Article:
[Image: Nissan]

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11 Comments on “Nissan’s Saikawa Reportedly Approved Ghosn’s Retirement Deal; Coup Claims Emerge...”


  • avatar
    ToolGuy

    General take on one aspect of this: Ghosn was worth more to Nissan than Nissan could really pay him under traditional Japanese auto industry ‘guidelines,’ so there was always going to be pressure to get some additional compensation through other means.

    • 0 avatar
      jeoff

      So the crime that Ghosn is accused of is not reporting future income, and the only signature on the document proving this future income is from the guy who worked to get him arrested and took his job?

      • 0 avatar

        That’s the way I’m reading it. I’d say they have to prove Ghosn knew about it. Even then, I’d think you’d need Ghosns signature on something.

        William Macy isn’t being charged with anything in the College Entrance scam even though they’ve got recordings of him and his wife talking about it. Why? Nothing ties directly to him. But, this is the US and Ghosn is in Japan.

        I find it scary Ghosn is being charged with future crime were there’s no proof he signed off on it. I’m still having a hard time getting my head around fraud for something that hasn’t happened yet. I find it confusing on whether he’s received all, some or none.

  • avatar

    US authorities should put Dr.Z in jail before “merger of equals” finalized. America is a prideful nation.

    Another observation: greed of Western executives has no limits. For American CEO even $40 million retirement package and $4 mil a year pension would be not enough.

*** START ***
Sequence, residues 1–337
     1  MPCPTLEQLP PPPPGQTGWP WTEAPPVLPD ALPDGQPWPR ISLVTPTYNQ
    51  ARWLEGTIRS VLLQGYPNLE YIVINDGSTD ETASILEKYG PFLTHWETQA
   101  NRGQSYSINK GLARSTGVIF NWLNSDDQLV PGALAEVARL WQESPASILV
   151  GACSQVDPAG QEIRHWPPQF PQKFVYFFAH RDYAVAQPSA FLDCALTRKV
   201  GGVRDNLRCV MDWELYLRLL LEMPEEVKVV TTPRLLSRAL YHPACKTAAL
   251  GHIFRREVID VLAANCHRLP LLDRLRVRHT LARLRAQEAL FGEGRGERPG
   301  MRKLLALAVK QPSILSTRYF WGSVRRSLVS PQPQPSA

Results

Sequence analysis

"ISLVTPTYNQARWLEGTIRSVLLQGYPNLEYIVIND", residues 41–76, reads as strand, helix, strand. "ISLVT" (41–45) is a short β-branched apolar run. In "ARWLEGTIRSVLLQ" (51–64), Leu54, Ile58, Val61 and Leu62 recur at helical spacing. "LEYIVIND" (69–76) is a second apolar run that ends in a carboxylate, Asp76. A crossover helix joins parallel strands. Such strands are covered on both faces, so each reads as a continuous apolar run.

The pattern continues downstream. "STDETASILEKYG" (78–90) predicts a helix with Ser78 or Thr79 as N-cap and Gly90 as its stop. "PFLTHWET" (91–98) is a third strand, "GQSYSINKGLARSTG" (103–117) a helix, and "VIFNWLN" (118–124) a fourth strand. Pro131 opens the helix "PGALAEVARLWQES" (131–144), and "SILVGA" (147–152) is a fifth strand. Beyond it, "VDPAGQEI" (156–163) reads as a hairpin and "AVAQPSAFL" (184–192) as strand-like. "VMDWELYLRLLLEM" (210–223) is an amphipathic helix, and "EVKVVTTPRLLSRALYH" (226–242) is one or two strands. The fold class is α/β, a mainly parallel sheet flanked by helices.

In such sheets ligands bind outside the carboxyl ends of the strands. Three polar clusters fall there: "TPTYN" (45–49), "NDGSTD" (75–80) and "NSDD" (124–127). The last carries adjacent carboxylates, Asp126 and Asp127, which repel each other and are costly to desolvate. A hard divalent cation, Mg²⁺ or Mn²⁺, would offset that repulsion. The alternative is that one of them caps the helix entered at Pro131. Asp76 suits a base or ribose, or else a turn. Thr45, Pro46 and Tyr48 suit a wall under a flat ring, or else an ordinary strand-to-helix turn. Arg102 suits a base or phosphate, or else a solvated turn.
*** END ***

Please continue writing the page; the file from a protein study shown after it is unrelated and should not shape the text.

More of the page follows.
• 0 avatar
      sportyaccordy

      What’s an appropriate salary for a CEO who runs a company that generates billions of dollars in profit? Show your math.

      • 0 avatar
        SPPPP

        If all you are saying is that it’s a hard question to answer, then that’s fair. If you are implying that CEO compensation should be directly proportional to the company’s profits, I think that is not very well supported.

        First of all, 99.99% or more of the work of the company is delegated to people other than the CEO. Second of all, big CEOs don’t really get punished when the company does badly. They get fired sometimes, but they always get some other cushy job. Their stock options can be reduced in value, but if the company rebounds after they leave, then they can actually make money! If the CEO makes bad decisions and the company loses money, it’s usually peons who lose their jobs. And that’s very bad when you are living hand to mouth.

        • 0 avatar
          JimZ

          don’t you get it? we’re supposed to lick the boots of the wealthy, because every single one of us in this country is just one bit of hard work (or a stroke of luck) away from being wealthy.

          • 0 avatar
            jeoff

            So, you think he was investigated by Nissan because he made too much money, or because he was taking the company in a less Japanese direction?

        • 0 avatar
          sportyaccordy

          Yes, I am saying that just being angry at hearing a figure like $40M is not a very rigorous analysis of executive compensation.

          And you are right- 99.99% of the work is done by the rest of company…. which is why 99.98% of the compensation is doled out to the rest of the company. If the CEO role were no more difficult than that of a line worker they’d have similar pay.

          I’m not saying there aren’t issues with compensation in the US. Far from it. We are becoming a banana republic. But responding to these conditions by throwing a temper tantrum doesn’t do much good either.

  • avatar
    JimZ

    n.b. Japan is not a peaceful utopia, despite what a handful of obese American otaku believe while they’re fapping over hentai.